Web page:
The Knucklehead of the Day award
Today's winner it the Palm Beach Post editorial board. They get the award for the following.
Long lines in Denver, misleading phone calls in Virginia, machine malfunctions in California. The nice thing about Tuesday’s election is that the worst of the horror tales happened someplace other than Palm Beach County and Florida.I don't know what planet Randy Schultz and company are on. For they apparently don't read Florida news outside of Palm Beach County.
It’s nice to take a step toward the day when it will not be a cause for celebration just to pull off a major election without turning Florida into a national joke.
In Palm Beach County, Supervisor of Elections Arthur Anderson corrected previous problems with election night results, as promised. In this, Dr. Anderson’s first countywide regular election, voting went off at 776 precincts without a major hitch. The same could not be said of Broward County, where voters in one Deerfield Beach precinct were given paper ballots when touchscreens wouldn’t work.
Voters anxious about the accuracy of Palm Beach County’s touchscreens will get the results of tests today on 22 randomly selected machines. The system passed a similar test in September.
For sheer Election Day disaster, the nation can point to Denver, where officials combined 200 small precincts into 55 large voting centers but didn’t give them enough laptop computers. Voters lined up for hours as systems crashed. Democratic gubernatorial candidate Bill Ritter waited an hour and 45 minutes to vote in the morning and, in the evening, pleaded with voters in long lines not to go home.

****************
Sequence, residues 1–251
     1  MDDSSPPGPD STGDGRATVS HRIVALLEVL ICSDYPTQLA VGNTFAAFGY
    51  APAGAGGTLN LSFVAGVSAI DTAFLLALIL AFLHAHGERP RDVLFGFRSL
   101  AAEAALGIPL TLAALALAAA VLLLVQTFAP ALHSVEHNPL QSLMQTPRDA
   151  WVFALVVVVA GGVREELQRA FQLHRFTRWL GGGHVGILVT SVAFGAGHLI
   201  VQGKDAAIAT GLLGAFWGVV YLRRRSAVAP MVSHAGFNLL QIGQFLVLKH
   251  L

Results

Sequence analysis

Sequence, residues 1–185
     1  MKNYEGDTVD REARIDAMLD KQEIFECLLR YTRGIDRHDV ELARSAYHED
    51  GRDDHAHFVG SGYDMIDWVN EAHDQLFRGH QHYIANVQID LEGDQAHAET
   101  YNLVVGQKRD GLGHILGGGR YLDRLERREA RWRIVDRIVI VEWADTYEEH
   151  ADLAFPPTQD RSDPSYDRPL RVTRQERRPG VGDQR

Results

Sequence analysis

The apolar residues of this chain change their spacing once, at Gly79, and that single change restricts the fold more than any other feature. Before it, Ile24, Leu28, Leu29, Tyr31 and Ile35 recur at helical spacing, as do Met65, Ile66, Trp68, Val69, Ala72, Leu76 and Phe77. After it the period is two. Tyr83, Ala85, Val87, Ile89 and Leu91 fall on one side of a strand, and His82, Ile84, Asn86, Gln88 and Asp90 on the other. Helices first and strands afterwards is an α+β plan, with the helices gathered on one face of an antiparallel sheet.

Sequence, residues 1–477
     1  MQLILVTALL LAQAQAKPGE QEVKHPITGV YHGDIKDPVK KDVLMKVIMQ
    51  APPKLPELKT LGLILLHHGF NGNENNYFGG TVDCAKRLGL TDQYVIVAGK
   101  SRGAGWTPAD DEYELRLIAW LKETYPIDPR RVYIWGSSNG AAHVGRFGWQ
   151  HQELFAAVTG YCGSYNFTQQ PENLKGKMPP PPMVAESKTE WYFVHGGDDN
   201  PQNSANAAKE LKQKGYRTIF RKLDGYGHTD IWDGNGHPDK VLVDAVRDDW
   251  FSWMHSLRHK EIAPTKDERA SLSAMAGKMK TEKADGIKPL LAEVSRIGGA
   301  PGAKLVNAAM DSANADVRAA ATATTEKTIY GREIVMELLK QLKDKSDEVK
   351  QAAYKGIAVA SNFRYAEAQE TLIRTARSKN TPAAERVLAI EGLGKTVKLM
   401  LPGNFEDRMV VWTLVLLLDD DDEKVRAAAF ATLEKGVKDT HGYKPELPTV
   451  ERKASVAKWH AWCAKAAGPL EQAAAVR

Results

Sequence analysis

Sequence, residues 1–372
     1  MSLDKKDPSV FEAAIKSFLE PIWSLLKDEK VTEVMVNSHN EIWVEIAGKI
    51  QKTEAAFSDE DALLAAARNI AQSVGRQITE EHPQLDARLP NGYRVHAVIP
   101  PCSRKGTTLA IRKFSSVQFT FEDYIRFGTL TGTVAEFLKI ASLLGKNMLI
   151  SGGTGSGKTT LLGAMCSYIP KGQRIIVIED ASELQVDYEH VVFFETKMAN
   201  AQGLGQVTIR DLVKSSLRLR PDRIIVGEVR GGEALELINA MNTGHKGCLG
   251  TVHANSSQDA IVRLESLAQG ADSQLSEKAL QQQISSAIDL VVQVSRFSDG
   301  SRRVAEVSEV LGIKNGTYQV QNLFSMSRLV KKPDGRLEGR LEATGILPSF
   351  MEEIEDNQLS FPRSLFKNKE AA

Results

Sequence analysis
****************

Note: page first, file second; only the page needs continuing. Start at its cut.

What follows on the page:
Voters in Virginia complained about Election Day calls steering them to the wrong precinct. Paper ballot backups ran out after touchscreens didn’t work in Orange County, Calif. But on the whole, the national system worked. This time, America — and Florida — produced the kind of election the country could be proud to export.
SARASOTA -- Of all the voting problems in Sarasota County, the largest may prove to be an undervote in the closest race of all: the 13th Congressional contest between Republican Vern Buchanan and Democrat Christine Jennings.That was reported the same day the Post wrote their editorial. How did Randy Schultz and his cohorts ever miss that? This is just further proof of the tunnel vision the Post editorial board has. They seldom know of news happening just miles from Palm Beach County.
Throughout the day, dozens of people complained that their votes in the 13th Congressional District were not recorded properly. One volunteer election watcher said he heard dozens of such complaints.
Responding to similar complaints that surfaced in early voting -- that the 13th Congressional District race was not popping up or recording on the electronic ballots -- Supervisor of Elections Kathy Dent had ordered her poll workers to remind voters to carefully check touch-screen ballots, and make sure that their choice in the Jennings-Buchanan race had been properly recorded.
But despite the warning, vote tallies showed there was still a large number of undervotes in the Jennings-Buchanan race -- with a more than 18,000-vote difference between the total number of ballots cast in Sarasota County and those cast in the 13th race. The race may ultimately be decided by fewer than 400 votes.
Other counties, including Manatee and DeSoto, did not have the same large undervote tallies in the 13th District race.
By the way the Post is even now reporting on the problems in the Florida 13th.
For total ignorance of a breaking news story, The Palm Beach Post editorial board is today's Knucklehead of the day.
Linked to- Basil's Blog, Bright & Early, Cao's Blog, Jo's Cafe, Right Wing Nation, Samantha Burns, Third World County, Outside the Beltway, Mudville Gazette,